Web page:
As should be obvious from the various aforementioned titles, Female Vampire is about a killer nymphomaniac lady vampire, Countess Irina Karlstein, played by Franco muse and Eurocult legend Lina Romay, born Rosa María Almirall Martínez.
Irina is a mute vampire and somewhat sympathetic. As the occasional mental reflection voiceover suggests, she is a remorseful and trapped victim herself. Lina plays Irina with an appropriately somber face, with languid mannerisms and simple gestures. Despite being accompanied by her creepy, hulky manservant (Luis Barboo), her existence feels lonely.
Lina has the right look and talent for what is a kind of double sided role: unabashed, bare-breasted creature-of-the-night one moment and a humble, ethereal creature in a white gown the next.
Irina isn’t quite the typical sexy femme fatale vampire, either, due to a few interesting nuances and variations, such as her need to feed, not just on blood, but on the hormones in the sex fluid of her victims. It’s an odd idea and a little gross, but it sure does set Irina apart from other vampires and makes sense from the commercial sexploitation angle. The idea of being killed in mid-orgasm does have a lot of macabre erotic potential, and in the end, the idea does end up working, primarily thanks to the way Lina handles her sexual kill scenes with an enthusiasm and finesse not found in too many other actresses (seriously try to imagine someone else in the role – you can’t).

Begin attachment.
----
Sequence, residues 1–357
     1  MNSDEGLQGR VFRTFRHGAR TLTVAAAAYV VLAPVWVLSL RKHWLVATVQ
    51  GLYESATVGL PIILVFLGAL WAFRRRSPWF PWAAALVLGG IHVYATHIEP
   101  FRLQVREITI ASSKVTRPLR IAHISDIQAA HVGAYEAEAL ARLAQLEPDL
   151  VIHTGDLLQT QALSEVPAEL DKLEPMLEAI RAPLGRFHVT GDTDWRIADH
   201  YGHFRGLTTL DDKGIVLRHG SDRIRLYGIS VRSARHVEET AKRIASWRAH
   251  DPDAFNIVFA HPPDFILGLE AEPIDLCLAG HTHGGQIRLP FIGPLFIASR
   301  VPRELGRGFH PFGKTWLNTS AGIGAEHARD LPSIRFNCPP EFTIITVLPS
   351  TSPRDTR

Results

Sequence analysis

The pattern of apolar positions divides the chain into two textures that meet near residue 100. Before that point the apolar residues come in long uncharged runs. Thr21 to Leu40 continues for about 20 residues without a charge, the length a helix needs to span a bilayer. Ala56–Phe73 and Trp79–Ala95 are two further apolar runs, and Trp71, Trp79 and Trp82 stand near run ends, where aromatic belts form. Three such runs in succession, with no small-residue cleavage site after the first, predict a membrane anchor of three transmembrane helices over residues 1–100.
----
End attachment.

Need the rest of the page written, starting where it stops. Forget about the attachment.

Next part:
Some would fault the movie on its use of out of focus shots, but, as with the soft-focus effect, they are used deliberately to achieve a mystical, dreamy feel. There has been one instance where I was annoyed with deliberate out of focus shooting with Jess Franco in 99 Woman (a sex scene with Rosalba Neri), but here the technique feels natural and adds to the experience. It’s therefore rather unfortunate that some would say certain shots in this film are “out of focus” like it’s a bad thing or poor, sloppy technique. I find it ironic that in more recent times “out of focus” digital photography has been considered an art form and an advanced technique.
The narrative is punctuated, in familiar Jess Franco fashion, with a number of macabre, as well as erotically poetic, sex scenes that tend to pad out more than would seem necessary, hence the most likely reason for the trimmed down “horror” version Erotikill. This will be nothing new to the initiated, but it might be a deal breaker for some. There are, nonetheless, strokes of genius throughout that keeps things interesting, such as Irina’s necrophilia indulgence after finishing off the hotel masseur (Raymond Hardy a.k.a. Ramon Ardid – Lina’s then husband who she eventually left to be with Jess Franco), which, again, works primarily on account of Lina’s commitment to the scene. Also, who could get bored of watching Lina get freaky with one of those elongated bolster pillows.